Brian joined Watsi on March 16th, 2016. Four years ago, Brian became the 1875th member to automatically support a new Watsi patient every month. Since then, 4,086 more people have become monthly donors! Brian's most recent donation traveled 8,500 miles to support Annah, a single mom-of-two from Kenya, to fund arm fracture surgery.
Brian has funded healthcare for 49 patients in 11 countries.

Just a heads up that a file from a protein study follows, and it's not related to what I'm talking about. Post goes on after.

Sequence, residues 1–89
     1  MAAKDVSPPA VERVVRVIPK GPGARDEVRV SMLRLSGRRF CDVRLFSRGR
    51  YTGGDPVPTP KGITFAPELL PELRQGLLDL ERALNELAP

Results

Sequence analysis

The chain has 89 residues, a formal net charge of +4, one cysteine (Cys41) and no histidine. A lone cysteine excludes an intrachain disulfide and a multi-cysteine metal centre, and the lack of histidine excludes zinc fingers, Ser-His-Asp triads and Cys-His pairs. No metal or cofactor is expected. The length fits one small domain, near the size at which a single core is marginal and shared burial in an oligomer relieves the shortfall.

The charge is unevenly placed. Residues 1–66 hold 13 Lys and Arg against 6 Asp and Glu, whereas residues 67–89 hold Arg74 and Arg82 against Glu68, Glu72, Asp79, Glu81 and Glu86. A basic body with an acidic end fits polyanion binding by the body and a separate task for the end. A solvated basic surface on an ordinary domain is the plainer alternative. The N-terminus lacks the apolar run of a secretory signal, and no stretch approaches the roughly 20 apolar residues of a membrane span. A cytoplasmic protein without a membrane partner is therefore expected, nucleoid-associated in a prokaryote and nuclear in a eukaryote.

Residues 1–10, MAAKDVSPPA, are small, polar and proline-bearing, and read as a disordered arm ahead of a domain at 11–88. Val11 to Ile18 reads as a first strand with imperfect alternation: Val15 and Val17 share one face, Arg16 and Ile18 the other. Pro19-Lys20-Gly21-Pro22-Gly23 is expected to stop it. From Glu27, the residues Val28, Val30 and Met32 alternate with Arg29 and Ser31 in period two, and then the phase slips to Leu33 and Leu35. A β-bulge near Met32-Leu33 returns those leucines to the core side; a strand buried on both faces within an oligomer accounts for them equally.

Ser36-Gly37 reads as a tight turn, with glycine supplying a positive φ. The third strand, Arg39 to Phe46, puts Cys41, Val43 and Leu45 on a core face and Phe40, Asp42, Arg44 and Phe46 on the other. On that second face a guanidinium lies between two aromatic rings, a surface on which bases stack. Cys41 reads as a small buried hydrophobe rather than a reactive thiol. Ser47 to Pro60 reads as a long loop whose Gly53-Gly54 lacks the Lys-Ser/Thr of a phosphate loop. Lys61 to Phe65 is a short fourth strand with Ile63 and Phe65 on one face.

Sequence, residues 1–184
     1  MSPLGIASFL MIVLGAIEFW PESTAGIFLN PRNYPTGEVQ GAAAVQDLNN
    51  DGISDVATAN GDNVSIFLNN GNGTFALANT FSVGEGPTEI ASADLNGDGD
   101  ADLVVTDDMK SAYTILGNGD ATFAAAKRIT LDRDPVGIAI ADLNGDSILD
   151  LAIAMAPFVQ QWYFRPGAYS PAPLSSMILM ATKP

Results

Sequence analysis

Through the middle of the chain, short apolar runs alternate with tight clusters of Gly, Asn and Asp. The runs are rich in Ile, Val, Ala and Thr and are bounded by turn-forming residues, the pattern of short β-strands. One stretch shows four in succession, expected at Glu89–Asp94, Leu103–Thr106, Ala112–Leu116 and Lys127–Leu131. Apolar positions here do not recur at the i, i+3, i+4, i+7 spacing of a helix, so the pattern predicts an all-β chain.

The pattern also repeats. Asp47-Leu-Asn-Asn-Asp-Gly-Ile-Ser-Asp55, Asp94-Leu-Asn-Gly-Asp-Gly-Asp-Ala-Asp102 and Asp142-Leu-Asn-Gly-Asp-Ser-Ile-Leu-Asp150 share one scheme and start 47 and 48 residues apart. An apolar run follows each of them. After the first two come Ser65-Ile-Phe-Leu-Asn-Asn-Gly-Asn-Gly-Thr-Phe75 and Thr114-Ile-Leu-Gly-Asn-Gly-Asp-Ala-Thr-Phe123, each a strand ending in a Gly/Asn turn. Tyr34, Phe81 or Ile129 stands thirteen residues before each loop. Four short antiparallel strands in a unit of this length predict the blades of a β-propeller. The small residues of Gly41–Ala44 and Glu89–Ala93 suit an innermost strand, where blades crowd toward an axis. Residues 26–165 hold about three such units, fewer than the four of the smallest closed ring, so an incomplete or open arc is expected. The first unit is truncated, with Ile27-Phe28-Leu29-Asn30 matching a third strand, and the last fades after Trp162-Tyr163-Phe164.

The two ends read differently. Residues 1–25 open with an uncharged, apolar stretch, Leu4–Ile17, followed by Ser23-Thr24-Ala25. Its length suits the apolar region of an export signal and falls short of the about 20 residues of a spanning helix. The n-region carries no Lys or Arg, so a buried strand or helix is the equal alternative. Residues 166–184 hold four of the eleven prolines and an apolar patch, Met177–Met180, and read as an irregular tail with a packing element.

Annah is a farmer from Kenya and a single mother with two children. She is a maize farmer and shared that life is difficult for her and her family. Annah is a strong woman who has taken care of her two children and has never lost hope despite the challenges she faces as a single mother, being the breadwinner for her children and providing an education for them. She lives in a mud house with grass roofing with her two children. On May 10th, Annah was hit with a blunt object after a quarrel with a neighbor over farmland. She visited a nearby facility near where her arm was splinted and she was asked to visit a better facility to do an x-ray and assessed by an ortho specialist. Annah was referred to our hospital but she was unable to come due to lack of finances at home. Two weeks later, Annah has come to the hospital as her condition was getting worse. Her hand is swollen, has pain, and she can’t do any duties at home. Fortunately, surgeons at our medical partner can help. On May 26th, Annah will undergo a fracture repair procedure, called an open reduction and internal fixation. She will heal and no longer be in pain. Annah will also be able to work again. Now, our medical partner, African Mission Healthcare Foundation, is requesting $848 to fund this procedure. Annah shared, “I love my children; I am worried that they might stay without food. I hope I will heal soon so that I can continue providing and supporting them.”